New release of Crc Builder in progress, should be faster!

When we started to build the Crc Builder we used technology we had built into the RAP Auditing product as the base. While the Auditing functions work, we felt the speed needed to be improved so we set about looking for better ways to manage the process.

A forum post from Chris Edmonds got us looking at exactly what we were doing and why. He was looking to implement a file checker using the ZLIB source and wondered if the process could be used against 2 files on different systems. He had already built an RPG program which would check a single defined file and was looking for clarification of the results. We then developed the first program for Crc Builder to see what we could offer using the IBM QC3CALHA API.

The initial results did not look promising because the process of calling the API for every record really crawled along. We then looked at streaming the data into a memory block and passing it in to the API. While this did improve the situation it did not run as fast as his implemented solution, so we decided to look at the Adler32 CRC.

We took the same approach of reading the file a byte at a time into the buffer and passing it to the function supplied by ZLIB once the buffer was full. The results were certainly much faster than the IBM API but not as fast as Chris was seeing. So we had to look at how we read the file, using the record functions seemed to be the best way to read the data but experience had shown us that using a record level read and passing it into the IBM API really sucked! we saw a maximum throughput of 471,000 records which was against 30 seconds for 1.2million records using the blocked memory.

We played with programs to simply read the records to see if the C programs were the problem, I have to confess that RPG’s file processing is far superior to the C implementation. But if you look at what IBM does with its compiler spending its not surprising to see that. Come on IBM get the C functions to perform as fast as the RPG DB functions!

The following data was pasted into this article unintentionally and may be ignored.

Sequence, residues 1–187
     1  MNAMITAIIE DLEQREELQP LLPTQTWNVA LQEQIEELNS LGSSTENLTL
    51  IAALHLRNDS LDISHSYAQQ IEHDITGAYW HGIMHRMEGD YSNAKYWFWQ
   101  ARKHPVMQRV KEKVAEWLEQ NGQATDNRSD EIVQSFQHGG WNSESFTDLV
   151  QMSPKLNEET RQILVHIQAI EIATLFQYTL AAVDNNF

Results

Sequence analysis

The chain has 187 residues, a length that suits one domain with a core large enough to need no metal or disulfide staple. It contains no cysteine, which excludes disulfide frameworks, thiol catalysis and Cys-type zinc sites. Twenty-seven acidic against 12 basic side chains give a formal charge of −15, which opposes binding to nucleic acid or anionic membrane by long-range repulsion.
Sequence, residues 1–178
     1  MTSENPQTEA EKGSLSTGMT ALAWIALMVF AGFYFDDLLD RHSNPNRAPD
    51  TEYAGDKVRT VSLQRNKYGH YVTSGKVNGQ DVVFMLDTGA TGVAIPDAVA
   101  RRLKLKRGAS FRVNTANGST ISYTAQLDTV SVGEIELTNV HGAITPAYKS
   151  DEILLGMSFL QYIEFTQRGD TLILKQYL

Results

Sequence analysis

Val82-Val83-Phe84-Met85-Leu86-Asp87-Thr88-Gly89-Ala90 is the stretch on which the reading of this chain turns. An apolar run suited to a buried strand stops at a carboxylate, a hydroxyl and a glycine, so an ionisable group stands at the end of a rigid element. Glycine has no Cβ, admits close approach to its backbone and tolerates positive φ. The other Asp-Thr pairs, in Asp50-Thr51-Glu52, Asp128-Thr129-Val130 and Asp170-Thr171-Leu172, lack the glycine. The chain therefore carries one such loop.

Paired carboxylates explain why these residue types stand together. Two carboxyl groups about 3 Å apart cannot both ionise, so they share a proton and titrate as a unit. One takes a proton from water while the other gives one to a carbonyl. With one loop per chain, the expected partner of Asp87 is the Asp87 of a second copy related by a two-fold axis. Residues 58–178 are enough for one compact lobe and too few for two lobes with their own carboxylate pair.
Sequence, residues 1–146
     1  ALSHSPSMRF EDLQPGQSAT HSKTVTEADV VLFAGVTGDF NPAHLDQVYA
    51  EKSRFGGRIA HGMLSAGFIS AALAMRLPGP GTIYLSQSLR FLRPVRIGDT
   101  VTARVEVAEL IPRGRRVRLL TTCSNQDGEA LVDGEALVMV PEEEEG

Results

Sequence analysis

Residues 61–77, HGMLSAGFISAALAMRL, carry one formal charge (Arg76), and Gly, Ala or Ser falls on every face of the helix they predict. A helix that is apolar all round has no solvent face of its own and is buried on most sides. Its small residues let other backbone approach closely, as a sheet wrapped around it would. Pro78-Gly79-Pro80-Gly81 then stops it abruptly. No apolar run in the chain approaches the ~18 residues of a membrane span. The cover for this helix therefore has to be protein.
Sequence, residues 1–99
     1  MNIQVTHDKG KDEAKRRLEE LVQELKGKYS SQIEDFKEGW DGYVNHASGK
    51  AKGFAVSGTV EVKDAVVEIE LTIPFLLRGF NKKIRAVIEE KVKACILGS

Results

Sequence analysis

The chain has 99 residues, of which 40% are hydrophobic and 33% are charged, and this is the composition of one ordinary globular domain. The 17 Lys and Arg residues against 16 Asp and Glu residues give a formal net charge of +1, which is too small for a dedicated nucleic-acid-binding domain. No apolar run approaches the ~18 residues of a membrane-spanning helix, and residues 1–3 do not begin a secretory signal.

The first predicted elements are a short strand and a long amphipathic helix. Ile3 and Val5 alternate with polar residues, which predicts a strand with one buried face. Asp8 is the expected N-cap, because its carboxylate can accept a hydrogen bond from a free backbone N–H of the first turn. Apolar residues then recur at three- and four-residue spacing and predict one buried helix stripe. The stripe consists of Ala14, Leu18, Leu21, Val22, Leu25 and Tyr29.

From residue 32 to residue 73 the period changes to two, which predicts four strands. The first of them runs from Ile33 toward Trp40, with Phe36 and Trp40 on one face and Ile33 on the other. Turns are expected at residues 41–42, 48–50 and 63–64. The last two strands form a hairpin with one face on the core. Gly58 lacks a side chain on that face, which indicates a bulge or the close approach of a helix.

We also had to implement a context token for the IBM API’s to allow us to generate many calls to the API, our original process simply created a HASH list and generated a HASH over it for a total HASH Value. We think this has improved the CRC strength as it is using the context token to allow multiple calls to the CRC generation API using internal registers to hold the intermediate value between calls.

We also did a lot of tests to find out the best way for us to use the file read functions and the calls to the API’s. We tried using blocking and setting the type to record for the stream functions, we also experimented with using the internal buffers from the file read instead of copying the data to our buffers, but that seems to be a total failure? We didn’t seem to get much more out of the process but if this is going to be used over very large files a few seconds on our systems could end up as hours on yours.

In the end we have to take two separate routes, for the IBM API’s we will stick with blocked memory, but for the adler32 function we have the option of reading the data a record at a time or sticking with the blocking, our preference for simplicity would be to go with the blocking but the benefits of using record level checking seem to outweigh simplicity!

If you are in need of a simple CRC for data checking the adler32 certainly performs the best, but reading through the notes it does have some problems. The IBM HASH process is definitely a better CRC strength but it comes at a price!

We should have a new version available for download later this week.